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A Gray's Beaked Whale stranded on Leighton Beach outside of Perth.
Photo: Chris Johnson

February 3, 2002
A Rare Stranding Event
  Real Audio

Log Transcript

This is Genevieve Johnson speaking to you from the Odyssey. After finishing vital maintenance on the hull of the vessel, we are now back at sea looking for whales while facing strong winds and high seas.

The other day as we were lowering the Odyssey back into the water after two weeks of work in dry dock, we received a phone call from our partners at the World Wildlife Fund in Sydney. They told us that apparently there had been a whale stranding on Leighton Beach less than five kilometres to the north of us in Fremantle. It was not known if the animal was alive or dead or even what species it was.

With the Odyssey safely back in the water the crew hastily departed in a taxi and headed towards the area of the stranded whale. We arrived at the beach, the location of the whale immediately revealed by a circle of curious onlookers. The whale was dead and had been identified by Doug Coughran, marine wildlife officer for the Department of Conservation and Land Management, {CALM} as one of the least-known large animals in the world, a Gray's beaked whale. Mr. Coughran explained how whales change color when they die and this one had changed from light grey to black soon after he arrived before 8am, indicating it had died early on the morning it was found. It was fortunate that there was only one animal. Often toothed whales strand together as they have strong social bonds and are reluctant to leave a companion in distress. Only the day before, two beaked whales of the same species were assisted off a beach in Albany, 330 nautical miles south of Fremantle.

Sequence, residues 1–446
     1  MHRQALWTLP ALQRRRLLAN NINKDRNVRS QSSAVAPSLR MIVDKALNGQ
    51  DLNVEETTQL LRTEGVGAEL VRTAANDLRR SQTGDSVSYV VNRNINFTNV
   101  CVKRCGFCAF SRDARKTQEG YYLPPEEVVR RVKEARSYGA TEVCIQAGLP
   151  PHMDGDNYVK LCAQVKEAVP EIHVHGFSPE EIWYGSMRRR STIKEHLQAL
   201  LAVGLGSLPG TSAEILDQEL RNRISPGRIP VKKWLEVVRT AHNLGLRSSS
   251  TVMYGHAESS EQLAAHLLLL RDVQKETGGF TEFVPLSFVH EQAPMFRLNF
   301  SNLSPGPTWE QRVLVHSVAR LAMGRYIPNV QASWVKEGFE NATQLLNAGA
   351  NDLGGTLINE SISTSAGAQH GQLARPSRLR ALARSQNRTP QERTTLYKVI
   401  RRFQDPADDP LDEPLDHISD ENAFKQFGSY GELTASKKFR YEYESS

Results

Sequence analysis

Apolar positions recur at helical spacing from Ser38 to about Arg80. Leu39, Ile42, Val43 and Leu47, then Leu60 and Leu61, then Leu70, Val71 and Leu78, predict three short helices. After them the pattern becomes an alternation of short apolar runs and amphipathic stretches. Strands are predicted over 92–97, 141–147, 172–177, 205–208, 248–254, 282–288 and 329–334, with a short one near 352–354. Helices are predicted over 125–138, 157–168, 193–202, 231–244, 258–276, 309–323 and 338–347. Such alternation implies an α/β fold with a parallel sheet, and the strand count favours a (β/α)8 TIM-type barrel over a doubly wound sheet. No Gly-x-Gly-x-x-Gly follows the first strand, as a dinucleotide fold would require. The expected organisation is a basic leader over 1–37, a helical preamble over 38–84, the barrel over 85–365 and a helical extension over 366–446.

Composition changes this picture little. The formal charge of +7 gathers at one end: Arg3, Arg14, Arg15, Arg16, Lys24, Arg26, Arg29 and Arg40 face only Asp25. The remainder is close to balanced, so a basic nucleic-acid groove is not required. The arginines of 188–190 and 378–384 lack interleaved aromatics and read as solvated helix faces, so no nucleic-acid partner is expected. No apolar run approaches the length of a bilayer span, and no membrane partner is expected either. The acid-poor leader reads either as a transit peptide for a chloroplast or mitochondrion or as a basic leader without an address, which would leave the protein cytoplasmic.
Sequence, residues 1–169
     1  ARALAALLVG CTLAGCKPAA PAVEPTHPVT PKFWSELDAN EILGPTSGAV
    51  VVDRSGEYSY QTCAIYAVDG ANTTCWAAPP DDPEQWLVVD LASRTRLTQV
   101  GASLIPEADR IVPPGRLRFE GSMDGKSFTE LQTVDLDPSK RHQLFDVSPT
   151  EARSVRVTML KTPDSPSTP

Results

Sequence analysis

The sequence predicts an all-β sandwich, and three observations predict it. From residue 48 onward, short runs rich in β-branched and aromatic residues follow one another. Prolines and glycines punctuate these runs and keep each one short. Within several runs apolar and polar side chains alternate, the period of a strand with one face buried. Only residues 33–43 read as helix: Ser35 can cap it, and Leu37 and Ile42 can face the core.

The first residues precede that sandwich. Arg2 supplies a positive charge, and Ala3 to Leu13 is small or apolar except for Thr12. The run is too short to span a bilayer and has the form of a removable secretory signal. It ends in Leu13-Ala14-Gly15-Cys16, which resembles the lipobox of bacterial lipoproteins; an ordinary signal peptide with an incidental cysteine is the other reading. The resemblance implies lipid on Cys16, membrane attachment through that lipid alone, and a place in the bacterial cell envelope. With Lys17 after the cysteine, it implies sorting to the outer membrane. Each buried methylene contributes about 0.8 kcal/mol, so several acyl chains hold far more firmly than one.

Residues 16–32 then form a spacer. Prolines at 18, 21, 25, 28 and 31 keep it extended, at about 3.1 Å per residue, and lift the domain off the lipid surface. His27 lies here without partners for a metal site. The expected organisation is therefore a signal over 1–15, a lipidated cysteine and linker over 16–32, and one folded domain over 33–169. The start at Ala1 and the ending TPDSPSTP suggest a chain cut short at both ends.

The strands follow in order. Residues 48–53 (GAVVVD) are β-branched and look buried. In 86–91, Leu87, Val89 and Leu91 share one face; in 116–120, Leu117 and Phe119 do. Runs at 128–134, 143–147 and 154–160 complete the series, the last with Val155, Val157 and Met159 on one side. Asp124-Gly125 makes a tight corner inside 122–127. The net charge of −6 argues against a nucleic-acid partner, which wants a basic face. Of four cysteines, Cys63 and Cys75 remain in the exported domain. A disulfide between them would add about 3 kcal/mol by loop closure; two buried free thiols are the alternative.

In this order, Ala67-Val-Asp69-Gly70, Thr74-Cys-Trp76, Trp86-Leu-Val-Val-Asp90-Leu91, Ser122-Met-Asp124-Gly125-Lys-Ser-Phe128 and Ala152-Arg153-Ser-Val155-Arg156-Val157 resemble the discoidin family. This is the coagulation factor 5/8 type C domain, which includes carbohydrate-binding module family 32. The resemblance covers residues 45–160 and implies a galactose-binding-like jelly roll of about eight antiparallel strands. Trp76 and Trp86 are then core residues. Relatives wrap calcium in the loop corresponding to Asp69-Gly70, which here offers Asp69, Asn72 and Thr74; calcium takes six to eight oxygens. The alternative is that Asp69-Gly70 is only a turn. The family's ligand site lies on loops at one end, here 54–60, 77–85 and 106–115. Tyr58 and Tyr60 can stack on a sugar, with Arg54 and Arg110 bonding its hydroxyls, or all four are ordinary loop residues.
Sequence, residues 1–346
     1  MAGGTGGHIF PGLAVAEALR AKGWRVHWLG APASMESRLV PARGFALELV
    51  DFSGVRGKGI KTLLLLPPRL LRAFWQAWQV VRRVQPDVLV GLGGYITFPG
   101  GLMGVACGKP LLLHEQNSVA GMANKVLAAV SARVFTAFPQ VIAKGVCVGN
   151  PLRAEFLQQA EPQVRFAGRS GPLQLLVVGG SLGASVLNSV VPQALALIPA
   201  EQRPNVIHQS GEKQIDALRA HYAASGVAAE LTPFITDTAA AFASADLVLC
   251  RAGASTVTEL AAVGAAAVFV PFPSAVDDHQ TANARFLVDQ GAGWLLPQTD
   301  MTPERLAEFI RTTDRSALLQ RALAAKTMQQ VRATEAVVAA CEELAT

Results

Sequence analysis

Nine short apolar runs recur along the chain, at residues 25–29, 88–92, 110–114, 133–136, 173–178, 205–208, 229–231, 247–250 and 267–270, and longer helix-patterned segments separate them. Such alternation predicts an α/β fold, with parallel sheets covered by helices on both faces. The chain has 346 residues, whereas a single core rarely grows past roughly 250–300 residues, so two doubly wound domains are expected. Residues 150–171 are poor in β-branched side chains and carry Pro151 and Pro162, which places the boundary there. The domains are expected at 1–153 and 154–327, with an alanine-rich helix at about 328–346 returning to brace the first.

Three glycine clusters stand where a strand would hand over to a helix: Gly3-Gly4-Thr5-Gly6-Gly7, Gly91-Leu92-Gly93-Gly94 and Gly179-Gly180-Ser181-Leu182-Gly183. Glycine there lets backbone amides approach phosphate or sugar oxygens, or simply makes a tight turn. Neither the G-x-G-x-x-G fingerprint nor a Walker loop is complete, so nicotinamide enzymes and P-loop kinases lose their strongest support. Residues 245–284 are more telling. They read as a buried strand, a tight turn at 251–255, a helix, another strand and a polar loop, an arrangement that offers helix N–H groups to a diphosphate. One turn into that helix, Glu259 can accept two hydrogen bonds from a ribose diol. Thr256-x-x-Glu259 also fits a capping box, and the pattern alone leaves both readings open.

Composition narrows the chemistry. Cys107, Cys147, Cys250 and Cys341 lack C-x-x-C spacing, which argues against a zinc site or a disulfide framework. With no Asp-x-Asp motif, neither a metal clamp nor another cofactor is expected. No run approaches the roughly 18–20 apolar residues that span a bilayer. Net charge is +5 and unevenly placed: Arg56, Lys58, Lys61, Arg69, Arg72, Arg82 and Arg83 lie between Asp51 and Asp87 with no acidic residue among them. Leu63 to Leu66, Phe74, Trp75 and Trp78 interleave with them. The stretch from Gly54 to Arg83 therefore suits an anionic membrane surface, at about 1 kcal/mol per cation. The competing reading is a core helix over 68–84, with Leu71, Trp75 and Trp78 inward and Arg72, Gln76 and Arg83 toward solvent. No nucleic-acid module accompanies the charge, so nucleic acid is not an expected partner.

The head of the Gray's Beaked Whale.
Photo: Chris Johnson

The beaked whales form their own family, the Ziphiidae. A protruding upper and lower jaw, lack of a central notch in the tail fin and a long spindly body, characterizes them. This peculiarly specialized group of whales have radiated into14 known species, all are thought to inhabit deep ocean trenches and are either genuinely rare or extremely elusive. Indeed most of what we know about beaked whales is from stranded animals. The studies of living beaked whales are still in their infancy. During the Voyage of the Odyssey, we have had twenty-three sightings of beaked whales. Scientists onboard were only able to identify the species in twelve of these sightings as we were rarely given more than a fleeting glance.

As a general rule, beaked whales are slow and sluggish, sightings are brief as they spend little time at the surface and produce low inconspicuous blows. The distribution of most species is poorly documented and is mostly constructed from a limited number of strandings or skeletal material. Almost nothing is known of their social structure and behavior. In the early 1990's, two new species of beaked whale were discovered and there have also been several reports of an unidentified beaked whale in Indo-pacific waters that does not conform to the description of any currently recognized species. It was originally thought that perhaps this mystery whale may have been indopacetus pacificus, the least known of all ziphiids, recorded from only two skeletons and has never been seen alive, however a paper published by Pitman et al. in 1999 theorized that it may in fact be an unknown species of tropical bottlenose whale.

Not much is known about Gray's beaked whale as it lives in deep ocean habitats such as the Rottnest Trench, west of Fremantle, where, like their sperm whale cousins, they travel to depths of over one kilometre in search of squid.

The whale was eventually taken away and buried.
Photo: Chris Johnson

A particularly small head and a long slender beak that it generally raises out of the water first when surfacing distinguish Gray's beaked whale, its body coloring ranges from a bluish to brownish gray. The limited number of sightings seems to suggest that this species may be more social and live in larger groups, there is even one record of a mass stranding of 28 animals. It is not known why this particular 3.9-meter female stranded (12.8 feet), as there were no visible signs of injury or trauma.

Even though this was an unfortunate event, it was an amazing opportunity to observe one of these rarely seen animals at close quarters, adding another piece to the jigsaw which may help reveal the mysterious biology and behavior of these whales. Tragedies like this can also be an opportunity to learn more about these whales assisting in the prevention of future strandings.


Log by Genevieve Johnson

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